I finished the first Skyp sock as well. It's lovely. Only after I finished this sock did I notice that Claire has released a sock pattern related to Puck called "Lord, What Fools." This yarn, colorway Puck's Mischief, would have be so appropriate. But I suppose Puck is so mischievous he decided he wanted to be a Skyp sock instead.

I've started a new project as well. I'm making a shop sample of the silk hankie cowl after participating in a workshop lead by Susan Stambaugh of Abstract Fiber. Knitting with mawata (silk hankies) is an interesting technique and I'm glad to have learned it. The red hankie colorway is Smith Rock. The more brown one is Hopworks.

As for the Rimu I bought last week. It's already been knit up into a secret baby shower gift. I'll be gifting it on Sunday, so I'll hold off on pictures just in case the recipient is spying on this blog.

Wednesday, November 28, 2012

You Bought Yarn, Didn't You

Yesterday was a normal work day. When I got home, I walked by the sink to drop off my sandwich container, like usual. And as I reached my room, I heard my Mum call out, "You bought yarn, didn't you." How the heck did she know. My bag didn't look suspicious. I'd only been home for two minutes.
Turns out the receipt had stuck to the sandwich container. But it's ok. This yarn is for a baby shower gift. As I'm sure most knitters know, it doesn't matter how big your stash is. You never have the right yarn for gift knitting. Especially when that gift has a tight deadline.

The other knit gift is now a longer pile of noodles. I'm still in shawl edging purgatory. Only 30 more repeats until I get to the next bit. The yarn is 100% mulberry silk. I've never blocked out mulberry silk. I hope it opens up well.

My Skyp sock is coming along well... now. I had to rip out large portions of the sock twice. Both times were my fault. I messed up the pattern once and it was noticeable. The second time I missed a repeat of the pattern before the heel. I decided it would be easier to rip the heel than to edit the pattern to accommodate my mistake. But I have tried on the sock and it fit great. I think Socks That Rock lightweight might be a new favorite sock yarn. It just feels like it is going to wear well.

I have to confess that even though it looks like I'm being productive, I am so stressed right now. I have more shifts at work, knitting commitments, and I've been working really hard to learn how to grade sweaters. Sweater sizing is really tough. (Or maybe I'm a little ambitious with what I'm trying to design.) I know that everything will pay off in the end and I'm thankful for the opportunities that are coming my way. But it still feels like my body is being squeezed.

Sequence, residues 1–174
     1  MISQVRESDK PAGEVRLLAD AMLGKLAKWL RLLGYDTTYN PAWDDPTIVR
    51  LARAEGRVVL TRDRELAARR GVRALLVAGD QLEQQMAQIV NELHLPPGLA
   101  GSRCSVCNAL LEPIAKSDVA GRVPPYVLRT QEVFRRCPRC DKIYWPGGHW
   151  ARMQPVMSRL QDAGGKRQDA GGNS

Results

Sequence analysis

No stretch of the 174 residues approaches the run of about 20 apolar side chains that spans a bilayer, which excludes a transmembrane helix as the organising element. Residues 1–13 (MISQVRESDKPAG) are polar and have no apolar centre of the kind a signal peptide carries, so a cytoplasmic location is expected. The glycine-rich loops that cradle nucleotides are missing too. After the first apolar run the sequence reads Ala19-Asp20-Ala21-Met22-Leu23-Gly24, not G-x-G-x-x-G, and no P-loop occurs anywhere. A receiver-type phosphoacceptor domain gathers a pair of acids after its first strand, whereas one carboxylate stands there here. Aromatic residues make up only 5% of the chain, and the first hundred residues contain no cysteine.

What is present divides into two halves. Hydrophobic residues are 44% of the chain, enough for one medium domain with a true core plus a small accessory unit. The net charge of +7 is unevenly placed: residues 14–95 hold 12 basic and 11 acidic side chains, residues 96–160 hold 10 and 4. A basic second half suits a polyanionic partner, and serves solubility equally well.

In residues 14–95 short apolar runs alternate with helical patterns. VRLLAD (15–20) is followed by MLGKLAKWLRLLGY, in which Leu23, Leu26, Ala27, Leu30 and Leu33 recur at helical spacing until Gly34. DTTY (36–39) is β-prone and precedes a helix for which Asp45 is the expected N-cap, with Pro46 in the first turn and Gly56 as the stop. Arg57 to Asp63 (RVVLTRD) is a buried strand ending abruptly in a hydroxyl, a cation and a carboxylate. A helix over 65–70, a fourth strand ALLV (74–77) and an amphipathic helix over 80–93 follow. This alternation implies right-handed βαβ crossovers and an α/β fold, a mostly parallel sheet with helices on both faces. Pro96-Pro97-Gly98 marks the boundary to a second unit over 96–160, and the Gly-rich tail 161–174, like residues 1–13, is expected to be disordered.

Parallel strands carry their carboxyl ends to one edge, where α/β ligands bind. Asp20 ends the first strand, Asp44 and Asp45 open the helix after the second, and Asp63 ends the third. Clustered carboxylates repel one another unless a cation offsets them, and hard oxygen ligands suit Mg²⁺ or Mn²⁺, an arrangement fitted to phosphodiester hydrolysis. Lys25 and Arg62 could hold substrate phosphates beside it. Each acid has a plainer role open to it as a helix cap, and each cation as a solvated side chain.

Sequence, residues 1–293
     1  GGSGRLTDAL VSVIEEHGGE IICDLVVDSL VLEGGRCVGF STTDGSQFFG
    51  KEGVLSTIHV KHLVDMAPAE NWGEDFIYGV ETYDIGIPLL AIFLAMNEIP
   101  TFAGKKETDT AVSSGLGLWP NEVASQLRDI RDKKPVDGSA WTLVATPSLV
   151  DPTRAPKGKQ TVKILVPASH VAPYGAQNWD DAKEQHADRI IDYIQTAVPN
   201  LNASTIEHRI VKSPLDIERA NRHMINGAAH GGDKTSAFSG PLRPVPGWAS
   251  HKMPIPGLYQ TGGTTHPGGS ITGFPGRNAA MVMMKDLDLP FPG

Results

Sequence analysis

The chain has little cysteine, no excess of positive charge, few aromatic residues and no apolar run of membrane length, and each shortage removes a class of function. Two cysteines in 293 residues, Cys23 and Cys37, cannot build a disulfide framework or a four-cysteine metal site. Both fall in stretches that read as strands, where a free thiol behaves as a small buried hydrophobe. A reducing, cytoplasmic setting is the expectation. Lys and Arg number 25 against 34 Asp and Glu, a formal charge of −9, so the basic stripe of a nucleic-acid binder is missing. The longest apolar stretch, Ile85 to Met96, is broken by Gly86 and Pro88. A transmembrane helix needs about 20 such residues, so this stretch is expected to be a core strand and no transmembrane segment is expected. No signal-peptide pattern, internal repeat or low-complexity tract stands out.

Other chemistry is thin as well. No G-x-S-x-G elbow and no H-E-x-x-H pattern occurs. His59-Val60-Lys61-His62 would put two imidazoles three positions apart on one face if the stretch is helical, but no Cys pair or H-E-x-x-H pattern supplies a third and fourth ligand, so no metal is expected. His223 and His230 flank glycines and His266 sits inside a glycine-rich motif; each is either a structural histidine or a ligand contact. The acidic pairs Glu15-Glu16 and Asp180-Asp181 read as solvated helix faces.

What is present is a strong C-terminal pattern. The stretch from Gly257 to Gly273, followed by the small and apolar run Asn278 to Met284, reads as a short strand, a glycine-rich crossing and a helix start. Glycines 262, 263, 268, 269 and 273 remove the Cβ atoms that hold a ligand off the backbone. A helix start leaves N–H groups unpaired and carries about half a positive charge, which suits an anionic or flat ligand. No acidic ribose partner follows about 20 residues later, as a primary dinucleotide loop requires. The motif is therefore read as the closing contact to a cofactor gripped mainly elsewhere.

On a positive note, I've noticed that there are a fair number of Celestarium KALs planned in the new year on various ravelry boards. I'm really excited to see people's projects in the coming months.

Sunday, November 25, 2012

Edward Gorey And The Raccoon Hat

Back when I was at university, my housemate made me a really awesome birthday present. He drew up a knitting themed poem, of his own composing, in the style of Edward Gorey. The sheet of paper was tucked into a copy of an Edward Gorey book, which I had mentioned I was interested months before my birthday. I had made my other housemate a hat and had asked Brennan what he'd like for his birthday, to which he replied, "A raccoon hat." I puzzled and puzzled over how to go about making the mask. As you will notice, Brennan very cleverly put the hat into the poem. 
Well, an embarrassing number of years have passed since I promised that hat. And the picture is hung up on my bedroom wall, reminding me constantly of the hat that wasn't completed....

Until now. Ta-da! Raccoon hat. I mailed it a few weeks ago, so hopefully it is on Brennan's head now. He's going for his PhD and said he planned on wearing it while teaching classes. I'm hoping for some photographic evidence of this happening.

Part of the design dilemma I had was figuring out how to get the mask to flip up and stay up. I thought about buttons and hooks. But after attaching the mask, it turns out that the stickiness of the wool keeps the mask in place all by itself.

I'm not sure if I should make this pattern available at some point. I've got so much on my plate. But if people are interested, I'll put it on the to-do list.

Thursday, November 22, 2012

Smaug Socks

I finished my Smaug socks! I was hoping to have them completed before The Hobbit movie was released. You know... so I can wear them while seeing The Hobbit.